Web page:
Neko Health: A Unique Twist on Whole-body Scans
Health tech company Neko Health raised ~$66 million in a Series A round earlier this month to help build out its preventive healthcare solutions—which include whole-body scanning services.
It seems more and more people (at least on my Twitter and LinkedIn feeds) have been chatting about whole-body scans as a form of preventive healthcare. Given risks and benefits, should whole-body imaging scans even be a “thing”?
In this article, I’ll summarize what Neko Health does, highlight the whole-body scans market, and tell you why whole-body imaging scans with MRI and CT are nonsense—but why Neko is different.
Neko Health, co-founded by Spotify founder Daniel Ek and Hjalmar Nilsonne, officially launched earlier this year to provide non-invasive body scanning services as a form of preventive health. The hope is that these extensive scans will catch health issues early on to prevent downstream health problems and costs.
As of now, these scans focus on cardiovascular and dermatological prevention data points. You can find the whole list here, but I highlighted some below:
Here’s how the scan works, according to their website (and I’m directly copying and pasting):
- A full body scan takes 10 minutes and is always followed by an in-doctor consultation.
- More than 70 sensors collect 50 million data points in minutes. Neko’s Body Scan can for instance detect skin changes as small as 0.2 millimeters (part of clinical study).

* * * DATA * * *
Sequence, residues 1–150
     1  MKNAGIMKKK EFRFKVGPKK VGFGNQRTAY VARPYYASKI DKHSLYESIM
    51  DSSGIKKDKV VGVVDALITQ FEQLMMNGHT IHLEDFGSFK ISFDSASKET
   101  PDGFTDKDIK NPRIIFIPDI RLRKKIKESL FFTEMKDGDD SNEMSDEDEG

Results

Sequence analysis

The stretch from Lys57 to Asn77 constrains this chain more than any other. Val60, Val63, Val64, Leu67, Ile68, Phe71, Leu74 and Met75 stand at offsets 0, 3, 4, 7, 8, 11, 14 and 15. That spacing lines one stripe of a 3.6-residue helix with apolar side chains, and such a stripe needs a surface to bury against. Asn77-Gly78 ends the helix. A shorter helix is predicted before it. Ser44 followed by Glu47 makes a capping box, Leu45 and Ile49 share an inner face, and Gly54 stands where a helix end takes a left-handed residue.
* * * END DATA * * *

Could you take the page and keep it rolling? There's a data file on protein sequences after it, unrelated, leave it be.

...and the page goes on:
- The patient gets access to a summary of their health data in an app where they can also follow their health trend.
- A scan costs $250.
The Neko Body Scan is only available in Stockholm. Apparently, all the available slots sold out within two hours of opening—now 10,000 people are on the waiting list.
“Whole-body Scan” Market
The niche preventive health market, which I’ll dub the “Whole-body Scan” market, is small, but nascent. This market consists of companies offering whole-body imaging scans using CT, MRI, or other non-radiological imaging (as seen with Neko). I’ve highlighted some companies below:
Companies like Prenuvo and Ezra offer whole body imaging (MRI and CT) to screen for cancer, targeting people with unexplained pain, genetic predispositions, or who want “overall piece of mind.” The business strategy focuses on targeting patients (primary revenue source) and physicians (primary referral source). As you would expect, insurance does not cover these imaging exams given no evidence to support their cost-effectiveness. Below are the prices of Prenuvo’s scans as of December 2022. It’s clear those in higher income brackets are the target market.
Note: I wrote a deep dive on Prenuvo and Ezra late last year—read it here.
Overall, I’m skeptical about whole-body imaging scans as a form of prevention. As I said in my previous article on whole-body imaging scans: “There is as much evidence supporting the use of whole-body imaging for cancer screening in healthy individuals as there is evidence supporting that the 2020 election was rigged.”